Rebecca Hersher Rebecca Hersher is a reporter on NPR's Science Desk.
Rebecca Hersher at NPR headquarters in Washington, D.C., July 25, 2018. (photo by Allison Shelley) (Square)
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Rebecca Hersher

Homes that were sold by the Department of Housing and Urban Development between January 2017 and August 2020 are in federally designated flood zones at almost 75 times the rate of all homes sold nationwide in that period. New Jersey is one hot spot. Here, flooding from Tropical Storm Henri in Helmetta, N.J., this August. Tayfun Coskun/Anadolu Agency via Getty Images hide caption

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Tayfun Coskun/Anadolu Agency via Getty Images

The Federal Government Sells Flood-Prone Homes To Often Unsuspecting Buyers, NPR Finds

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A new study finds that common climate change terms can be confusing to the public. That includes phrases that describe the transition from fossil fuels to cleaner sources of energy. Here, wind turbines operate near a coal-fired power plant in Germany. Ina Fassbender /AFP via Getty Images hide caption

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Ina Fassbender /AFP via Getty Images

Rescuers carry a boat into the subway in Zhengzhou, China, in July after flash floods trapped passengers underground. STR/AFP via Getty Images hide caption

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STR/AFP via Getty Images

NYC's Subway Flooding Isn't A Fluke. It's The Reality For Cities In A Warming World

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A woman surveys damage Monday from Hurricane Ida in a neighborhood in Kenner, La. The storm was fueled by abnormally warm water in the Gulf of Mexico. Scott Olson/Getty Images hide caption

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Scott Olson/Getty Images

How Climate Change Is Fueling Hurricanes Like Ida

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Debris could be seen piled up in Waverly, Tenn., on Sunday after heavy weekend rains caused deadly flash flooding. Climate change is driving more torrential rain around the world. Mark Humphrey/AP hide caption

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Mark Humphrey/AP

The Floods In Tennessee Aren't Freak Accidents. They're A New Reality

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People evacuate from a wildfire north of Athens, Greece, on Friday. A climate-driven heat wave helped create conditions for the fire to burn out of control. Scientists warn that humans are running out of time to curb greenhouse gas emissions and avoid catastrophic global warming. Thodoris Nikolaou/AP hide caption

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Thodoris Nikolaou/AP

A Major Report Warns Climate Change Is Accelerating And Humans Must Cut Emissions Now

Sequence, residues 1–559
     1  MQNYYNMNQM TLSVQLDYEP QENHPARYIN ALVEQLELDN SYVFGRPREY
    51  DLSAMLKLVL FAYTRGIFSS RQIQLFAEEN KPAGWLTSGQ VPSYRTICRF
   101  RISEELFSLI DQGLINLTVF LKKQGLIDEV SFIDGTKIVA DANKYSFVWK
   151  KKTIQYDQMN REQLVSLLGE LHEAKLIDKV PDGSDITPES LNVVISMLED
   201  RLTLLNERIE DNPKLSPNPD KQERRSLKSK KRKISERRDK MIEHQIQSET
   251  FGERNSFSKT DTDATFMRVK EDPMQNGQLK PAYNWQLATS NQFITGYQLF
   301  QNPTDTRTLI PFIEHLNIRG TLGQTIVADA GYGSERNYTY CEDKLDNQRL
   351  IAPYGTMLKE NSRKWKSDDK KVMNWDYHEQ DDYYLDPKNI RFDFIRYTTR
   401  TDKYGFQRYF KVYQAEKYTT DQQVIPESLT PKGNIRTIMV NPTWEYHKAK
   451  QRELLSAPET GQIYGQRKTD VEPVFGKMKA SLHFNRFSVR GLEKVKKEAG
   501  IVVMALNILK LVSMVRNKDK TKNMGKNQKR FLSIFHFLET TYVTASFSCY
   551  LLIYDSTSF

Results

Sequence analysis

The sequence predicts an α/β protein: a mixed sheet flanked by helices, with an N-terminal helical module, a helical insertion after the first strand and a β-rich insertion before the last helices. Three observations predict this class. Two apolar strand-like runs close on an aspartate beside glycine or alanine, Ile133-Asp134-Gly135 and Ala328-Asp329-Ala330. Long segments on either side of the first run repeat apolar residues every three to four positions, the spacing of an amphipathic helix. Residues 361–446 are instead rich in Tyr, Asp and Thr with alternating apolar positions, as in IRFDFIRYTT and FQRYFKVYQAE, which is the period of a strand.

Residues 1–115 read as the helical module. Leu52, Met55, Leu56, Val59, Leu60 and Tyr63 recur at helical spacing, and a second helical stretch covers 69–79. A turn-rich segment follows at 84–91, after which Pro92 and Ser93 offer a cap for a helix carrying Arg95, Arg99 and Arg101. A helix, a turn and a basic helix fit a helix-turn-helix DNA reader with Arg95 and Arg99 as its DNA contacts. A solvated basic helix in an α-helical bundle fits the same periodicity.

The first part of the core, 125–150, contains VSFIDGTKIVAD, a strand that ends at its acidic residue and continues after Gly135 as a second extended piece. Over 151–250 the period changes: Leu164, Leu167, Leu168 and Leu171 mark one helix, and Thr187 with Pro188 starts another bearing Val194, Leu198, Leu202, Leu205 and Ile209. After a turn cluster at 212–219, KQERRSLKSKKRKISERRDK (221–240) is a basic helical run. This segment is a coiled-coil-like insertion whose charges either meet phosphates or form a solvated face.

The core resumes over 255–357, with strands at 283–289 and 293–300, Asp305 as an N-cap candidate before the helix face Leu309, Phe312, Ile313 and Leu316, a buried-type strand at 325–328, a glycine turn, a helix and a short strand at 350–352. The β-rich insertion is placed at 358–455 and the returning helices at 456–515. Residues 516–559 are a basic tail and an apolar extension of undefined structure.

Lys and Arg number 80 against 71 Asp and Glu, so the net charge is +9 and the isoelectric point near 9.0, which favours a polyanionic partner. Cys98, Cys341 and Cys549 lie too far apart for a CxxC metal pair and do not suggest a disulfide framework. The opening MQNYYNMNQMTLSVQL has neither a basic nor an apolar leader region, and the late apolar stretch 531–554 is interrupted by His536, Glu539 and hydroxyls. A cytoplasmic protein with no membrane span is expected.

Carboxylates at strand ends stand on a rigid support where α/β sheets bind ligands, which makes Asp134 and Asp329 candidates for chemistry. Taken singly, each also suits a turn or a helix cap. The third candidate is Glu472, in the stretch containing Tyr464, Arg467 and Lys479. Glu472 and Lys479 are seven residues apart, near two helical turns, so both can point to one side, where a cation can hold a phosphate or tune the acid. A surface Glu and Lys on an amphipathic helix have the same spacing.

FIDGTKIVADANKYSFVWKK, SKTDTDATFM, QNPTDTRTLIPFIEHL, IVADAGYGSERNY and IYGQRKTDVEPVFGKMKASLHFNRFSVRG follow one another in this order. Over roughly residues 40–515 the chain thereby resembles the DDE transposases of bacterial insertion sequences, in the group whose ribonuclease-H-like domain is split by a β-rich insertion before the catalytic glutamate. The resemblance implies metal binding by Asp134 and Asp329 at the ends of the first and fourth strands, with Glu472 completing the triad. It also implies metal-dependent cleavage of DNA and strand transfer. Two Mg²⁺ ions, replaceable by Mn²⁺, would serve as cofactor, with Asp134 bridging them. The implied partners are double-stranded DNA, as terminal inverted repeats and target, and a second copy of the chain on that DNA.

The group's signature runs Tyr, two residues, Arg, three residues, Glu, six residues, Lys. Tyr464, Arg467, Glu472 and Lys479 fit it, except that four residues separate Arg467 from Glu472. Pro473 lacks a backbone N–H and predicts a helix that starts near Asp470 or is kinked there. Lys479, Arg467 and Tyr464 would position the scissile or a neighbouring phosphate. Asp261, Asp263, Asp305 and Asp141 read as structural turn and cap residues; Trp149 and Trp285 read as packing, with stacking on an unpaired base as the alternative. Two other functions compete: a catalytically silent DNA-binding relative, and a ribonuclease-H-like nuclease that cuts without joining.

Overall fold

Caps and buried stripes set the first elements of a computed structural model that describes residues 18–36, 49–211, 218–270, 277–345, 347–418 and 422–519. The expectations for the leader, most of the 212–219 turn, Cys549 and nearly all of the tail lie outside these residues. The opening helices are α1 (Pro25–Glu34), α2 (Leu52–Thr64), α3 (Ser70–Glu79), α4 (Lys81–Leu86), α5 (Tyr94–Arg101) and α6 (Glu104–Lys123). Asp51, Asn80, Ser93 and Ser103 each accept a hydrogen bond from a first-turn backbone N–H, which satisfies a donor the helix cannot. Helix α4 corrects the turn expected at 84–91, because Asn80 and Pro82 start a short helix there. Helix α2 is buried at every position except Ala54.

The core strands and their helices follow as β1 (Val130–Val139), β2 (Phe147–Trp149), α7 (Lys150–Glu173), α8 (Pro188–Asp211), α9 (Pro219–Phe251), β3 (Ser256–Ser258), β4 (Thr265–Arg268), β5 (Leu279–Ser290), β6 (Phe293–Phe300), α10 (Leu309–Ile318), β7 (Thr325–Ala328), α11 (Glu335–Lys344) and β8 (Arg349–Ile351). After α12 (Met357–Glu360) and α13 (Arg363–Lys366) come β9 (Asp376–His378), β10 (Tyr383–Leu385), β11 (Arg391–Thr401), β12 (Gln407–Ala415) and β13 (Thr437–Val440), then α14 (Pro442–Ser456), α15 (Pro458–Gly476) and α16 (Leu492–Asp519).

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How Climate Change Is Driving Extreme Weather

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A wind farm in Wyoming generates electricity for a region that used to be more dependent on coal-fired power plants. A new study finds that millions of lives could be saved this century by rapidly reducing greenhouse gas emissions. Matt Young/AP hide caption

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Matt Young/AP

Volunteers fight a wildfire in northeastern Siberia on July 17th. Heat waves in the Russian Arctic and boreal forests have fueled intense, widespread blazes that can damage trees and release enormous amounts of stored carbon dioxide from forests and permafrost. Ivan Nikiforov/AP hide caption

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Ivan Nikiforov/AP

Climate Scientists Meet As Floods, Fires, Droughts And Heat Waves Batter Countries

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Streets and homes flooded in Newport Beach, Calif., during a high tide in July 2020. So-called sunny day floods are getting more common in coastal cities and towns as sea levels rise due to climate change. Matt Hartman/AP hide caption

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Matt Hartman/AP

A reconstructed Neanderthal skeleton (right) and a modern-human version of a skeleton are displayed at the American Museum of Natural History in New York in 2003. A new study confirms that early humans who lived in colder places adapted to have larger bodies. Frank Franklin II/AP hide caption

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Frank Franklin II/AP

Lower-Income Survivors Are Less Likely To Get FEMA Aid After Disaster, Documents Show

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Timothy Dominique, 62, lives in a donated RV parked next door to the family home where he was staying when Hurricane Laura hit Lake Charles last year. He says he received nothing from FEMA because he does not own the home and didn't have a formal rental agreement. Ryan Kellman/NPR hide caption

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Ryan Kellman/NPR

Why FEMA Aid Is Unavailable To Many Who Need It The Most

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Hurricane Irma damaged homes in the Florida Keys in 2017. A new study finds buildings in the contiguous U.S. are concentrated in disaster-prone areas. Matt McClain/AP hide caption

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Matt McClain/AP

More Than Half Of U.S. Buildings Are In Places Prone To Disaster, Study Finds

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Hurricanes, Drought And Fires: The U.S. Has An Intense Summer Ahead

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